Home Tax Planning Your Money: Tips for year-end tax planning – The Ledger

Your Money: Tips for year-end tax planning – The Ledger

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Now’s the time to reflect on your gains and losses of 2018 and the tax bill that might result

With just a few weeks left in the year, we all need to take a moment to reflect on the gains and losses that 2018 brought, and the tax bill we’ll have to pay as a result.

If you don’t already have a rough estimate of your 2018 income, now’s the time to work one up. Hold a year-end tax-planning meeting with your tax adviser to estimate this year’s tax rate. If your tax bill seems like it could be lower, there are some things you can still do to reduce your 2018 tax bill.

Delay income, speed up deductions

Traditional year-end tax planning involves delaying income into the following year where possible. At the same time, the normal strategy in the past has been to apply deductions to the current year.

These strategies can still work, but the 2017 tax act’s new higher standard deduction means more complex planning might be needed. “Bunching deductions” will be a more effective strategy for many individuals. This might mean postponing deductions this year, and accelerating deductions next December. The goal is to get as many deductions as possible in a single tax year, and take the new, higher standard deduction in the other years.

Make retirement plan contributions now

One of the best ways available to most individuals to save on taxes is by contributing to a retirement plan.

Employees can avoid income tax on up to $18,500 of income deferred into a 401(k) plan in 2018. Those who turn 50 by the end of year can defer an extra $6,000 as a “catch-up” contribution.

The deadline for contributions to most employer-sponsored plans is Dec. 31. Contributions must come from a paycheck, so there are only a few more opportunities to take advantage of this deduction in 2018. Review your paystub right away, and make sure you make the most of these tax perks.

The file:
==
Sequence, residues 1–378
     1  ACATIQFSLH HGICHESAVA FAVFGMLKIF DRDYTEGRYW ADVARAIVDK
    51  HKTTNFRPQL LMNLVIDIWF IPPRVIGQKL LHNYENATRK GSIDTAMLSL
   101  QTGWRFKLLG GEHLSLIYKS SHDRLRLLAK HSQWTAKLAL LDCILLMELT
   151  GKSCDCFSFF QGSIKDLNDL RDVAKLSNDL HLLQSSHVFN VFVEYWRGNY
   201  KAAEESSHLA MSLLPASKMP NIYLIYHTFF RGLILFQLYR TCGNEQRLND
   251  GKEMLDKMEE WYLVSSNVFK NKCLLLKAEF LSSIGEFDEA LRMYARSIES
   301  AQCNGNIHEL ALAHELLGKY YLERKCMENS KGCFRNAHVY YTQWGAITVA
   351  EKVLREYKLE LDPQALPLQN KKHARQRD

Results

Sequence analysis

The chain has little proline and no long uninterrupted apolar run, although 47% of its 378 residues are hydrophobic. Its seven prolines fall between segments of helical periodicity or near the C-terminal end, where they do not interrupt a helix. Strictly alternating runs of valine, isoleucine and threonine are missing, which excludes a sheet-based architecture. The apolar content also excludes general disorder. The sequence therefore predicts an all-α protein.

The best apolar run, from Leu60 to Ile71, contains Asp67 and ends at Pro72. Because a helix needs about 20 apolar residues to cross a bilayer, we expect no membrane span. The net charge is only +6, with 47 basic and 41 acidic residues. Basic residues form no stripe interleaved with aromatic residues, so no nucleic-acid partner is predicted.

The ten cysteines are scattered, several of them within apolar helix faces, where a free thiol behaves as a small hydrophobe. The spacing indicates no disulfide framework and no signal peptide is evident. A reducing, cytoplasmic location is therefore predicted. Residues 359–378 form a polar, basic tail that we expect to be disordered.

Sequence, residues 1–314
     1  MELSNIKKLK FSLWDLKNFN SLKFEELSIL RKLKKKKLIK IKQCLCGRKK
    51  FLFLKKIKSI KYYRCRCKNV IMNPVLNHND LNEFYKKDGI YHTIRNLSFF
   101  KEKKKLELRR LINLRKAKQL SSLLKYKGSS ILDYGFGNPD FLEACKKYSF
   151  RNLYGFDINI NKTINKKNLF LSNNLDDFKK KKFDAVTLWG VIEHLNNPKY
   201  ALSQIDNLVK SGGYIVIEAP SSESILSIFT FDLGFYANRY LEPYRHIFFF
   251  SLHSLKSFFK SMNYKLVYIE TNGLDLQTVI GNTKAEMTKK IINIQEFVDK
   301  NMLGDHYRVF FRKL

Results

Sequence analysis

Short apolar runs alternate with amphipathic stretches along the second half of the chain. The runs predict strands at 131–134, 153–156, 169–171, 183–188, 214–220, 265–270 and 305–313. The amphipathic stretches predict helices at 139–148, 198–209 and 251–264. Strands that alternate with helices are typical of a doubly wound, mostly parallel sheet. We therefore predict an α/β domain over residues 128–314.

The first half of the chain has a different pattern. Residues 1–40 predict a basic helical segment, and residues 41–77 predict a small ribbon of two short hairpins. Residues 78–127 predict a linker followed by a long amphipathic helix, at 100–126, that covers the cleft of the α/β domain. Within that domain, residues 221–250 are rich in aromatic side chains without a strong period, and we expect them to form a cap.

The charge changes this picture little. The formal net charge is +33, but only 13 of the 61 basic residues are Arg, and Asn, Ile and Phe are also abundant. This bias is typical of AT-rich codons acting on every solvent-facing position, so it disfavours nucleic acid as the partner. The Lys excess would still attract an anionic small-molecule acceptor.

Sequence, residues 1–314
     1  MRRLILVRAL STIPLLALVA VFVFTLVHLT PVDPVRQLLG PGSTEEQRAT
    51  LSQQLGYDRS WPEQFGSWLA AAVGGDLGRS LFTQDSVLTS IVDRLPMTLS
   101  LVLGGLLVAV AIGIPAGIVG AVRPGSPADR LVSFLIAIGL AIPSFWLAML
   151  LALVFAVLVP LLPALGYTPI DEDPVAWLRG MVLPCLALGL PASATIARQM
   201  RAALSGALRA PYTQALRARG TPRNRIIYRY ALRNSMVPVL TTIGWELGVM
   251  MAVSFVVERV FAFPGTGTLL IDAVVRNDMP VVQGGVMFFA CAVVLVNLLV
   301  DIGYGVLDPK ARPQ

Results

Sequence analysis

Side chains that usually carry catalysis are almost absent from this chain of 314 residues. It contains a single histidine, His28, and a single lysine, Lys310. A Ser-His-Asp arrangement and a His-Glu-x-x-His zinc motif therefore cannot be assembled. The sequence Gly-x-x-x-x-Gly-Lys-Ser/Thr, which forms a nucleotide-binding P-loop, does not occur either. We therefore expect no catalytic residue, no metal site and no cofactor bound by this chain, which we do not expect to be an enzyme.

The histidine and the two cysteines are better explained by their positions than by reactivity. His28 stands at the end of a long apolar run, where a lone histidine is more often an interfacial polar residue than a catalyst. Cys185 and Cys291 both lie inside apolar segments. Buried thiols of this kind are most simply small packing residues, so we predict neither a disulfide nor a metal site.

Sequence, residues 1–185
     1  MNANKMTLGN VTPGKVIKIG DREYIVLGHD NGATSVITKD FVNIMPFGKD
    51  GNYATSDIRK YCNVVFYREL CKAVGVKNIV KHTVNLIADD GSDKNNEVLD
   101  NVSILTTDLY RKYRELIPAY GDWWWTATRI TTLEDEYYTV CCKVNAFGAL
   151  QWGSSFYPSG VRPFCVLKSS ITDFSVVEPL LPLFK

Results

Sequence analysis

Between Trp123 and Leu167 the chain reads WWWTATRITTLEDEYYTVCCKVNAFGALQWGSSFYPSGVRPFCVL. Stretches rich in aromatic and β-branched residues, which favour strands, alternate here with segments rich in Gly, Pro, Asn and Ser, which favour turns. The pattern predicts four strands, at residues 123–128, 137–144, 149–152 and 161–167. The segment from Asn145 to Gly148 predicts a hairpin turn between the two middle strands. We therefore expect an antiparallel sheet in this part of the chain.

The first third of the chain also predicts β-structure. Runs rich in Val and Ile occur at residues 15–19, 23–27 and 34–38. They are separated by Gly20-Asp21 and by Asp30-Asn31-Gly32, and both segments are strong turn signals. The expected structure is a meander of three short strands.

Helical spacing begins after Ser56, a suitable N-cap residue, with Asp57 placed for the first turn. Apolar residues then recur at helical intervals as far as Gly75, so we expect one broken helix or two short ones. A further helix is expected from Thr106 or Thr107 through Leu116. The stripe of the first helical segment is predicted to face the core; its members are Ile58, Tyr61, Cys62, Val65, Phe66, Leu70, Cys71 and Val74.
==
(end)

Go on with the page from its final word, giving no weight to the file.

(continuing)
If you are a business owner or self-employed, you still have time to set up a plan and get a deduction for 2018. Time is running short, so don’t delay.

Harvest Tax Losses

Tax loss harvesting is one way to get an extra tax advantage from your investment accounts.

The strategy involves selling positions where you have a loss, so that you can take gains in other positions without creating a tax bill. The IRS has certain rules for this strategy. If you buy or sell a security within a certain period of time, the “wash sale rule” could apply, negating the tax benefit.

This strategy only works in taxable brokerage accounts. It doesn’t work in qualified retirement accounts. If you hold investments in a taxable account, look at your gains and losses now. If you aren’t sure how to do this properly, seek the advice of an investment professional who is also qualified to give tax advice.

Tax reform means that many of us will have significant changes to our tax bill.

Most effective tax-planning strategies need to be put in place by the end of the year. Fortunately, there is still time. Meet with your tax adviser before year-end. If you don’t have a qualified tax adviser, find one before it’s too late.

Peter C. Golotko is president and CEO of CPS Investment Advisors. Matthew Treskovich is the chief investment officer.



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